The Future of History John Lukacs

Publication date:
01 May 2012
Yale University Press
192 pages: 197 x 127mm
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For more than sixty years, John Lukacs has been writing, teaching, and reading about the past. In this inspired volume, he turns his attention to the future. Throughout The Future of History, Lukacs reflects on his discipline, eloquently arguing that the writing and teaching of history are literary rather than scientific, comprising knowledge that is neither wholly objective nor subjective.

History at its best, he contends, is personal and participatory. Despite a recently unprecedented appetite for history among the general public, as evidenced by history television programme ratings, sales of popular history books, and increased participation in local historical societies, Lukacs believes that the historical profession is in a state of disarray. He traces a decline in history teaching throughout higher education, matched by a corresponding reduction in the number of history students. He reviews a series of short-lived fads within the profession that have weakened the fundamentals of the field.

In looking for a way forward, Lukacs explores the critical relationships between history and literature, including ways in which novelists have contributed to historical understanding. Through this startling and enlightening work, readers will understand Lukacs' assertion that "everything has its history, including history" and that history itself has a future, since everything we know comes from the past.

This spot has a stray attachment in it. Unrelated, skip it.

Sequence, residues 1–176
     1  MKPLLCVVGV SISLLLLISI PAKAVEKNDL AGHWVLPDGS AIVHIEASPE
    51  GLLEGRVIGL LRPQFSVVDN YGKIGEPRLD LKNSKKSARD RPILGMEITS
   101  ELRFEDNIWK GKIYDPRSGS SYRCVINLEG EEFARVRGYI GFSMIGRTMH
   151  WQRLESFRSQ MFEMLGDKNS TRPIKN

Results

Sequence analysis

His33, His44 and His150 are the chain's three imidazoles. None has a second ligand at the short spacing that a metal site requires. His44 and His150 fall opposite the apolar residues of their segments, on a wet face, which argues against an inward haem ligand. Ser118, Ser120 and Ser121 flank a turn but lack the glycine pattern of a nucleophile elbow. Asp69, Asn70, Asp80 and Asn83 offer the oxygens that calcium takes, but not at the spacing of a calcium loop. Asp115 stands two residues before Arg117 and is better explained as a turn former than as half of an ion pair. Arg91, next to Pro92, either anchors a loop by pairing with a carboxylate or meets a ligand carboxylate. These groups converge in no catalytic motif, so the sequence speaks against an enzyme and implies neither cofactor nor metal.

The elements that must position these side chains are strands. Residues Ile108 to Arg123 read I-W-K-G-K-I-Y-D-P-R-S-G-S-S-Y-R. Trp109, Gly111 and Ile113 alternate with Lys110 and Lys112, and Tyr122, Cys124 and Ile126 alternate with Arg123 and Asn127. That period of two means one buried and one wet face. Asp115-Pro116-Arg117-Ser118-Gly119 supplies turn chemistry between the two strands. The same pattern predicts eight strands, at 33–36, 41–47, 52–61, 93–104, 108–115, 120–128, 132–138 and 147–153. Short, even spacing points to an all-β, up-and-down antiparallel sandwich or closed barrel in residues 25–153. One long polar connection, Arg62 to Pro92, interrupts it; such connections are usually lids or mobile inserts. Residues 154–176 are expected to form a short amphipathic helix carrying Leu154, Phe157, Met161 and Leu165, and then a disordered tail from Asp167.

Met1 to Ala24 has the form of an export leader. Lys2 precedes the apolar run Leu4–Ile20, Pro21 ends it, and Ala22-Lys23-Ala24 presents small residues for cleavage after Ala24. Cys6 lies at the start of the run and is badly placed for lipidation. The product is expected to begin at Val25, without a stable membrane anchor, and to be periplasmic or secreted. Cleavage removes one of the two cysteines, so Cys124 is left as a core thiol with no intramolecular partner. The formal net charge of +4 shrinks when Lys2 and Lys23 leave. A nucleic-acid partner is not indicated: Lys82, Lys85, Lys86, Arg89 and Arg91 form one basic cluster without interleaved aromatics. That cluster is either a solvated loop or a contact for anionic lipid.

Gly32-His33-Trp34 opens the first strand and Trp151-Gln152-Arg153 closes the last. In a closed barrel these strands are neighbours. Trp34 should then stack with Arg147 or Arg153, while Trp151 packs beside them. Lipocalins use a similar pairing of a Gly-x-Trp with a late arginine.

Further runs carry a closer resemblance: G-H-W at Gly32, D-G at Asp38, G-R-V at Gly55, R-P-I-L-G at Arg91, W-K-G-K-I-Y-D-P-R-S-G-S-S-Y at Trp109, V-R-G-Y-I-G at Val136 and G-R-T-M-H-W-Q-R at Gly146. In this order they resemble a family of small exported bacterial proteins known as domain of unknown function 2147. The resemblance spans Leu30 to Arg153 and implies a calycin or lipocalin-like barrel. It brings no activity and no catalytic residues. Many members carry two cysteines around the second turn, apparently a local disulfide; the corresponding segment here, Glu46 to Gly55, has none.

John Lukacs is the author of some thirty books of history, including the acclaimed Five Days in London and, most recently, The Legacy of the Second World War.

"We are in the presence of one of the most powerful, as well as one of the most learned, minds of the century." Conor Cruise O'Brien

"I consider John Lukacs one of the outstanding historians of the generation and, indeed of our time." Jacques Barzun

"There is no one who has looked at his subject as broadly, sensitively, and deeply... This is what gives all of Lukacs's works their long-term value." George F. Kennan

"No historian of the Second World War has John Lukacs's range, acuteness, intuition." Daniel Patrick Moynihan

"Mr. Lukacs is one of the more incisive historians of the twentieth century." Washington Times